Quichotte (pronounced key-shot), as the first page helpfully tells the reader, is a novel written by someone who very obviously watches a lot of TV, or so it seems. At its best the novel reflects an emergent way of thinking where there is very little differentiation between what is real and what is not. At its worst it is an exasperating text because it drags until the very last pages. But like in Cervantes’s Don Quixote, to which Salman Rushdie’s current novel is a sort of homage, the journey is the story.
Each of Rushdie’s novels inhabits specific fictional realities that often intersect with real political events that seem to affect or shape his characters. He always has intriguing and mystical women characters in his nove;s—Aurora Da Gama in The Moor’s Last Sigh, Naseem Ghani in Midnight’s Children,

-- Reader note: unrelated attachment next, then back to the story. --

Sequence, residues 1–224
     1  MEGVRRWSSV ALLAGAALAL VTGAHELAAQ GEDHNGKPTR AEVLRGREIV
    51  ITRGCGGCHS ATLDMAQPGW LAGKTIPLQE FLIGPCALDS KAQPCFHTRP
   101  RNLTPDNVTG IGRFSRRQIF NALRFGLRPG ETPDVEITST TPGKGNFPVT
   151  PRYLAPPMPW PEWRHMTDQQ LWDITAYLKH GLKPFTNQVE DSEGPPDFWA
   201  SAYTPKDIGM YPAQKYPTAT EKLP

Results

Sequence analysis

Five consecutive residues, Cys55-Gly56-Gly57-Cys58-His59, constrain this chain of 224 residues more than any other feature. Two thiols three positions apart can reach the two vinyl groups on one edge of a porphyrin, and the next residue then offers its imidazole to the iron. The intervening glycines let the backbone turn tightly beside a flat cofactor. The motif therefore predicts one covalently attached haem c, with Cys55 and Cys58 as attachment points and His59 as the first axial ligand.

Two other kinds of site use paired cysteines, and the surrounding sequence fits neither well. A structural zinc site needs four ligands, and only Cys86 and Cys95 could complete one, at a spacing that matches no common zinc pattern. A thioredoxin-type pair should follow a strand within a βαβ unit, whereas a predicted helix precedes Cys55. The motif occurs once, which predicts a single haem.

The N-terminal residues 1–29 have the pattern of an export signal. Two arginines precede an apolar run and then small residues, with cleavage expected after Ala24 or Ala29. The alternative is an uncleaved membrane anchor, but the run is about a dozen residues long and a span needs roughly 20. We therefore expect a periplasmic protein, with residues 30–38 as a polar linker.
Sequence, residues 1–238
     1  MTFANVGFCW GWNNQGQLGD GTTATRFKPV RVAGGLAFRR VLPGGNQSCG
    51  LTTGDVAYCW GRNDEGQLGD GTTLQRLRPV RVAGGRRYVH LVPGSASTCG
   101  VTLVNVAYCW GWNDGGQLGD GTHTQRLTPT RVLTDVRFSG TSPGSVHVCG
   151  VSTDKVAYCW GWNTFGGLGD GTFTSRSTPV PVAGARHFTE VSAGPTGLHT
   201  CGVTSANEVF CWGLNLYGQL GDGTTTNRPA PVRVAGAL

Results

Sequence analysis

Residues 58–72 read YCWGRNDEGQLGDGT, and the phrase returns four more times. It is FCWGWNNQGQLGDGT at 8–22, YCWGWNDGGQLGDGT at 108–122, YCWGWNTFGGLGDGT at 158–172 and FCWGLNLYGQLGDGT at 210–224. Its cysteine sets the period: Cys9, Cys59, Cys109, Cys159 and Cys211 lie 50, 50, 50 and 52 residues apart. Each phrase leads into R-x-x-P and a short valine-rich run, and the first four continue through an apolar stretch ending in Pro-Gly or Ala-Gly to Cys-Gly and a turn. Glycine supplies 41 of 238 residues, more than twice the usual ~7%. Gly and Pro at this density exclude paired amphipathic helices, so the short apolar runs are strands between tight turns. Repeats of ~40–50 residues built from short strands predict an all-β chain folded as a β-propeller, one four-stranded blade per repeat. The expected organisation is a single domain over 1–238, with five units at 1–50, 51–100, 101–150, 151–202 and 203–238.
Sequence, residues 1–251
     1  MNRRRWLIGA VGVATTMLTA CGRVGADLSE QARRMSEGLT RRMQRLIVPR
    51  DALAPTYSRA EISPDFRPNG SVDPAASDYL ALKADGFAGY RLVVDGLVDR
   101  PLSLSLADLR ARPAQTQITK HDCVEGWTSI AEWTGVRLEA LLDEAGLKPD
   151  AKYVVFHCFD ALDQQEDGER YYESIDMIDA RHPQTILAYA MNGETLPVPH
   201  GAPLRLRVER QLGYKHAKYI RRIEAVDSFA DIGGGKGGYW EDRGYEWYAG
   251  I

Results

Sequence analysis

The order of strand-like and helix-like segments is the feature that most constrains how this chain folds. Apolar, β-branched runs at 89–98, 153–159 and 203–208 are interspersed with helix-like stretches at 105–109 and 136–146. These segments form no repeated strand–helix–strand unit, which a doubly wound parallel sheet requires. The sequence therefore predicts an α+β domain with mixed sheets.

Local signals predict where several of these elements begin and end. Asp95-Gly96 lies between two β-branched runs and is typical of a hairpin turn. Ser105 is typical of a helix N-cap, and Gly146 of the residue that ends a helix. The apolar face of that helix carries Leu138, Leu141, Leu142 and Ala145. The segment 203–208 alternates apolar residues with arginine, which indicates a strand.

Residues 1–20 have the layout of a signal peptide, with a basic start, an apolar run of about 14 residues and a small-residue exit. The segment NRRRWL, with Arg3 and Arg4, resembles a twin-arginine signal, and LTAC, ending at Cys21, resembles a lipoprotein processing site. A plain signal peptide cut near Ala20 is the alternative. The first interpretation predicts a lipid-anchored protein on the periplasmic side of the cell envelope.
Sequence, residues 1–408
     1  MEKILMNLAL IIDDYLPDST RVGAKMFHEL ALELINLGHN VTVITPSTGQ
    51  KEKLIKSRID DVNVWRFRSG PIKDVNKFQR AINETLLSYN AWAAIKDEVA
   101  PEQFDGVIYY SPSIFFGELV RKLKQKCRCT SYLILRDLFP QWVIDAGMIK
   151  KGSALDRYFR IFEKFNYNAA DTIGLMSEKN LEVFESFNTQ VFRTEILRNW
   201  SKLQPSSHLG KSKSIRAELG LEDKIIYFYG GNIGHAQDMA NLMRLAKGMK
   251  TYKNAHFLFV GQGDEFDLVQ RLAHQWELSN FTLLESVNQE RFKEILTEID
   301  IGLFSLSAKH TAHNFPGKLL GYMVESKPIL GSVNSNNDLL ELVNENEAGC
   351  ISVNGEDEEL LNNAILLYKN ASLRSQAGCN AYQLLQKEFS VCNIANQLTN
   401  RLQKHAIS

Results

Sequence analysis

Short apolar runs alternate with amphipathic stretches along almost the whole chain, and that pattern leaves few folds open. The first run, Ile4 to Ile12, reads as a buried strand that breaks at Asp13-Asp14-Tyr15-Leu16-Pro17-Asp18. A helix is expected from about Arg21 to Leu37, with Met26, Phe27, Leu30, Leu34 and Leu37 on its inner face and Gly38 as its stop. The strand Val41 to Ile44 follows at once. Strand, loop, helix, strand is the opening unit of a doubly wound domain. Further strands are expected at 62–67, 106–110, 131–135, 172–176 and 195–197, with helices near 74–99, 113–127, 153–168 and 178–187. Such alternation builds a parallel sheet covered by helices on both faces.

Qara Köz in The Enchantress of Florence, Ayesha in The Satanic Verses, Vina Apsara in The Ground Beneath Her Feet, the ever-expanding Boonyi in Shalimar The Clown—all of whom are always portrayed as intelligent, enchanting and bewitching, but dysfunctional. For Rushdie, women’s assertion is fine but somehow it comes sprinkled with ‘cray cray’, to use a term from Quichotte.